If you’re in a class, I’d always recommend studying outside the class. You could focus on your weak points (aka point #9). You could study kanji separately from everyone (because kanji helps with everything). There’s any number of things you can do. Even grabbing another resources and studying with it is good (because either it’ll fill in the gaps of things that you’re not learning in your class, or it will reinforce things you’ve learned and explain it in a different way).
Whatever you do, though, study outside the classroom is great. You shouldn’t be tricked into thinking that a classroom is all you need. Think of a classroom as just a supplement to your learning, because there’s really so much more that you can do.
4. Don’t Learn Kanji In The Order They Tell You
They’re liars! All of them! Perhaps I sound like a heretic, but I think kanji ordering is important, and the ordering they tell you is a false
God ordering. There’s two ways to do ordering. One is traditional, and one is my way (and I’m sure other people have other ways that are just as good).
The traditional way has you learn like a Japanese school kid learns, aka in order of easy meaning to difficult meaning (which has nothing to do with how complicated the kanji itself is). So, for example, you’d learn 食 way before you learn 又. Although the meaning of 食 is way easier than 又 (which is why little kids with small brains learn them in this order), the kanji is not. And, I’m guessing you’re kind of old now, so the meanings aren’t really that difficult for you (but the kanji part is). So, why would you learn them in this order when meaning has nothing to do with anything?
Now, for me, I think it makes more sense to learn in order of simple to difficult kanji (not the meaning). There is a problem with this, though I think it’s a problem only short-term thinkers will worry about. The problem is that you don’t learn the most useful kanji first (which means you can’t use the kanji in real life as quickly either). You’re missing a lot of really basic kanji for a long time (like 食), and people don’t like that.
I understand why that’s rough, but the goal for me is long term, not short term. By learning in this order, you can use previous kanji to learn future kanji. You also get better at learning kanji, and you struggle less on a per kanji basis than you do the traditional approach, because you slowly get more and more difficult as you get better.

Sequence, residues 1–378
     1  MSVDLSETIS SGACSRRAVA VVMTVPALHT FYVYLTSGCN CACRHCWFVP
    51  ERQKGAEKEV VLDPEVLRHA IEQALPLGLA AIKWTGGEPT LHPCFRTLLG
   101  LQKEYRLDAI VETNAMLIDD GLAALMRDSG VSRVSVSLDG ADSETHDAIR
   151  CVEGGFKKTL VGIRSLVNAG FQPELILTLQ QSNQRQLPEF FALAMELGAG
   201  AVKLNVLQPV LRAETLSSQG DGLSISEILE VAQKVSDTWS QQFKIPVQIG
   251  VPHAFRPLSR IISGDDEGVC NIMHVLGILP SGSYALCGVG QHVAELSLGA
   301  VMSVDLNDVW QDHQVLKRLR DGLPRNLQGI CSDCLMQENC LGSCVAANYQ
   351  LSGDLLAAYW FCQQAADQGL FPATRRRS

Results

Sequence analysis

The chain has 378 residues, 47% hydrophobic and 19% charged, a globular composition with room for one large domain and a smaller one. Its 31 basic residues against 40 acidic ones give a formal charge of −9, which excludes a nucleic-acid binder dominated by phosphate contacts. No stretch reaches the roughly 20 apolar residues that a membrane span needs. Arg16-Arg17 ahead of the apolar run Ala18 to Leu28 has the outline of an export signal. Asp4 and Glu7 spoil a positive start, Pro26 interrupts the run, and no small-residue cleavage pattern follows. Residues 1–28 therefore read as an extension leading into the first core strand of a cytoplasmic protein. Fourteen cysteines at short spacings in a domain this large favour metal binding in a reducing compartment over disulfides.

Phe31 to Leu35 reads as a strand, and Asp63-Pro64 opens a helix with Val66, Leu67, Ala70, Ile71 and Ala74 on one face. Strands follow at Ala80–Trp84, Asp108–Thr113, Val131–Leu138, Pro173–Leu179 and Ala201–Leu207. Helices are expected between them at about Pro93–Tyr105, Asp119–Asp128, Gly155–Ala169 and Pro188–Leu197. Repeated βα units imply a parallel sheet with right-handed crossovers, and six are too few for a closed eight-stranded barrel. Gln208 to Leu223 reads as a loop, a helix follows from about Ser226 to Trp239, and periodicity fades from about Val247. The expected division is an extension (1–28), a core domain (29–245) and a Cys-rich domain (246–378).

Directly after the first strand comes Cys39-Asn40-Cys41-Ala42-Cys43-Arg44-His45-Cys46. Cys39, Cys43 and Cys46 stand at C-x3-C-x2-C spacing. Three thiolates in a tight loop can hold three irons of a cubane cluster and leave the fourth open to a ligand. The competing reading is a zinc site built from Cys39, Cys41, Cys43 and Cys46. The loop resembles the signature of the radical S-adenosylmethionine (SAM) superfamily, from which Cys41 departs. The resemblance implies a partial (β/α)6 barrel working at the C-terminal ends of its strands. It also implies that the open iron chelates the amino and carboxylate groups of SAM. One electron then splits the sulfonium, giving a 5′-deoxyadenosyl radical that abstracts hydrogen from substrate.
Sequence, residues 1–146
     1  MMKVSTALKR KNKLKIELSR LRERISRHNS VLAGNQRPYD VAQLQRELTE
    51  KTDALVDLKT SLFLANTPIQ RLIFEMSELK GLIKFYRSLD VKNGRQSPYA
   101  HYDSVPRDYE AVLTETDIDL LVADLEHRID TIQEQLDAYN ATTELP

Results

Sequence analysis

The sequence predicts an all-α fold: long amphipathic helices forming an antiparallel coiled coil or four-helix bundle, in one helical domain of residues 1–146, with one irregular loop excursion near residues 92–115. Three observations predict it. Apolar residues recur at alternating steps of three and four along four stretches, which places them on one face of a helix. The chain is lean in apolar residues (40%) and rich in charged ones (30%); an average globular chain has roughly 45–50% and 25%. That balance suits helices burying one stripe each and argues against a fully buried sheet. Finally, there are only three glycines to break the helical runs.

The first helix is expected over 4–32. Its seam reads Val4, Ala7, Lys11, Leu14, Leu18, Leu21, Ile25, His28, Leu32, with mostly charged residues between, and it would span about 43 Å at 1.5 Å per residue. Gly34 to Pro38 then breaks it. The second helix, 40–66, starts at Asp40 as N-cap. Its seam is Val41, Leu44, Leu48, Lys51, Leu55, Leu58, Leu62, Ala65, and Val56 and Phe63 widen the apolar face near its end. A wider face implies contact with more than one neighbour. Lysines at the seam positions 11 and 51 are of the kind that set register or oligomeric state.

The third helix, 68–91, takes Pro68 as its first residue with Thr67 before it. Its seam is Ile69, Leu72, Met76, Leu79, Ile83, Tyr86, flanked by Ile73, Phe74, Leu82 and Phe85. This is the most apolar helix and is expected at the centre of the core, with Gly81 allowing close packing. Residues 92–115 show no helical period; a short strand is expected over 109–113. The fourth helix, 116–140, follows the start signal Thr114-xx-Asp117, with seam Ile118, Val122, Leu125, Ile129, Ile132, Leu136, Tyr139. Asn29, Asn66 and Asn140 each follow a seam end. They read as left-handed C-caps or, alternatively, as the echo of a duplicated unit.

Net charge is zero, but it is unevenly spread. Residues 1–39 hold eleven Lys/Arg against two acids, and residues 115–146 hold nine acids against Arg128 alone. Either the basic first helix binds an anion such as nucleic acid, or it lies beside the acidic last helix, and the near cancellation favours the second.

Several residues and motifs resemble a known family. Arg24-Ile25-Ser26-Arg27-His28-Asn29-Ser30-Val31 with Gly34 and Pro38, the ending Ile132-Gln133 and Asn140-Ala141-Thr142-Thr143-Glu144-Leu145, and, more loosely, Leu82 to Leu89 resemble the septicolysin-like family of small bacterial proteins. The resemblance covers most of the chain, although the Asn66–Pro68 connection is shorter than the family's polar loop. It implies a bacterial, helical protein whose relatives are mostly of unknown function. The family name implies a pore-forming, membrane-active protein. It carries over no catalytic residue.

If the goal is to learn all the Joyo kanji (and I’d say this is the goal), then going in order of difficulty of the kanji itself is the way to go. You won’t be able to use the kanji as quickly (which is a bummer), but you’ll learn all the kanji way faster. So, short term you miss out on being able to apply the kanji, long term you just end up knowing all the kanji. I’ll take the long-term approach any day. Learning Japanese is a long-term thing, anyways. You have time.
3. Learning To Write Isn’t All That Useful
I’ve written about this on Tofugu before, and I even have people take this (somewhat controversial) approach on TextFugu. Many people say this is crazy, but those people can keep their pagers and hand-pens and join the Pen15 club. Writing isn’t as important as it used to be. In fact, it’s hardly important at all (especially when we start talking kanji). Now, don’t get confused. When I say “writing,” I mean hand-writing, not typing. Typing is great. Think about it – when was the last time you wrote anything with your hand. For me, I think it was when I signed a restaurant bill (and Japanese tend to use cash anyways, so no problem there).
But I know, I know. Writing helps you to remember kanji, blah blah blah. Maybe it does help you, but I don’t think it’s necessary to learn kanji, and I think it takes up more time than it gives you. Think of it this way. You could spend an extra 5 minutes practicing writing the kanji 食. Or… you could spend that 5 minutes learning to read the next kanji on your list. What does that achieve? That makes your kanji learning twice as fast, probably faster than that if you consider how much you end up practicing writing of previous kanji later on. So, the question you have to ask yourself is “do I want to be able to write this kanji, or do I want to learn another kanji?” Over time, this adds up.
That being said, I’m not saying you absolutely shouldn’t learn to hand write. I am saying, however, that you shouldn’t learn it right now. Learn it after you learn everything else. Learn it when it isn’t keeping you from studying more important (and useful) things. I don’t know how many hours I wasted trying to write kanji back in school. The moment I realized it didn’t matter if I learned to write or not, I suddenly learned so much more. It’s amazing how much time you gain by cutting this out of your routine. Most people tell you that you should learn it because “that’s how its always been done.” I say you should think about why you’re doing something and come up with your own conclusions.